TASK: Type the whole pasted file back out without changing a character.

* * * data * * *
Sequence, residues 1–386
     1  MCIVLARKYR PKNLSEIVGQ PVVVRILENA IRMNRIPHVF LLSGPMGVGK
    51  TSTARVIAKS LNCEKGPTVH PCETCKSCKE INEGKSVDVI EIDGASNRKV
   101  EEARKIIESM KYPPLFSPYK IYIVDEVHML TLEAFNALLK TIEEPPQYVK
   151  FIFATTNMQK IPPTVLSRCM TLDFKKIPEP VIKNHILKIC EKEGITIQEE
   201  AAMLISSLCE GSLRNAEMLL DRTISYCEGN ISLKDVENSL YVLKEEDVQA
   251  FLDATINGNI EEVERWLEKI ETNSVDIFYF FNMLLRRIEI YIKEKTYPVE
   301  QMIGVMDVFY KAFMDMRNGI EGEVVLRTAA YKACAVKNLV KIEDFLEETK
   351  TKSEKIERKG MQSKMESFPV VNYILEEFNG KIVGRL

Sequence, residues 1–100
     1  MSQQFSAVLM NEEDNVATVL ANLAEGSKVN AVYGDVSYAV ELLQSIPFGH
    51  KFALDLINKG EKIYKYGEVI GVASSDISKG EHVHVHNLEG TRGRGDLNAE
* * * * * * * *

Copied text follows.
Sequence, residues 1–386
     1  MCIVLARKYR PKNLSEIVGQ PVVVRILENA IRMNRIPHVF LLSGPMGVGK
    51  TSTARVIAKS LNCEKGPTVH PCETCKSCKE INEGKSVDVI EIDGASNRKV
   101  EEARKIIESM KYPPLFSPYK IYIVDEVHML TLEAFNALLK TIEEPPQYVK
   151  FIFATTNMQK IPPTVLSRCM TLDFKKIPEP VIKNHILKIC EKEGITIQEE
   201  AAMLISSLCE GSLRNAEMLL DRTISYCEGN ISLKDVENSL YVLKEEDVQA
   251  FLDATINGNI EEVERWLEKI ETNSVDIFYF FNMLLRRIEI YIKEKTYPVE
   301  QMIGVMDVFY KAFMDMRNGI EGEVVLRTAA YKACAVKNLV KIEDFLEETK
   351  TKSEKIERKG MQSKMESFPV VNYILEEFNG KIVGRL

Sequence, residues 1–100
     1  MSQQFSAVLM NEEDNVATVL ANLAEGSKVN AVYGDVSYAV ELLQSIPFGH
    51  KFALDLINKG EKIYKYGEVI GVASSDISKG EHVHVHNLEG TRGRGDLNAE